Listening & Leadership

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Statistics tell us that people will forget up to 95 percent of what they are told within three to seven days. It’s important to make an impact with the 5 percent that people do remember. On the other side of the coin, communication experts have found that a key method for improving leadership perception is to create better listening skills. Here are a few simple leadership listening techniques that can increase your effectiveness immediately when incorporated into your daily interactions.

It is important to remember that when you are listening, you are in a two-way conversation. Your part in that conversation may be primarily silent, but in order for your conventional partner to feel “heard,” they must also feel that you are committing your energy to the listening process. The listening skills suggested below will help you enhance that perception. The true desire to listen, however, comes from within. Like a positive message that is not delivered from the heart, listening “behaviors” displayed without the heartfelt commitment to understand your speaker will be seen as phony and dishonest.

Maintain relaxed eye contact with the other person. A good ratio to maintain is 50 percent on your partner, 50 percent away.

Use a variety of “filler” comments such as “I see,” “OK” or “I understand.”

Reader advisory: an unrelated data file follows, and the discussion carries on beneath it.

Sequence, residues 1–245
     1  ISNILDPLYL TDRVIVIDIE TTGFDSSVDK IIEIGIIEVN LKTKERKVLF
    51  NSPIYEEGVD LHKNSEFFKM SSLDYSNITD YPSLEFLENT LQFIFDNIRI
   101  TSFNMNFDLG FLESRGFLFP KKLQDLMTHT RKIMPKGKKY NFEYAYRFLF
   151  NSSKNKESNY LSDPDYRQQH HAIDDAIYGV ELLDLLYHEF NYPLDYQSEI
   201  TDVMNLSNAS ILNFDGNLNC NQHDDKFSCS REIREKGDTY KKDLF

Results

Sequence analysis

Use reflective listening techniques to draw the other person out or when responding to critical feedback so you don’t seem defensive. A way to say this is to use the PPP approach: paraphrase, probe and present options. To do so:

  • Listen to what s/he is saying.
  • Reflect back by saying something like, “I hear you saying __________, is that accurate?”
  •  Continue to revise until the person feels you understand them (i.e., “So you’re saying _________, is that correct?”).
  • To present options, present two or three possibilities for consideration, such as, “Well, what if we tried to … ”

Good listening is like playing a friendly game of volleyball – you want the ball to go over the net. Allow the conventional volley to continue as long as possible. Avoid quick, deadend responses that shut down or close off dialogue. To do so, use gentle prompts or open-ended questions to encourage your speaker to share their input. Such prompts or questions might include, “Tell me more about … ” or “How did you arrive at that conclusion?” Stretch the response out longer than you do in normal conversation.

Increase facial expression – nod, smile with understanding, raise brow if you question something, furrow the brow or squint your eyes slightly only to show concern or empathy, etc. and make sure the voice tone you use matches your mood.

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Avoid giving a quick verbal brushoff response such as, “Sure. Now about that __________.” If you are a fast processor or high-energy person who can jump into your response so quickly that you often interrupt, take a silent count to three when you feel the impulse to speak. This should allow you enough of a pause to be certain that your speaker is finished.

Take some extra time to listen, absorb and respond to what people are telling you. A few minutes invested here can have a major payoff later since you will appear far more engaged as a listener.

Jodi Standke

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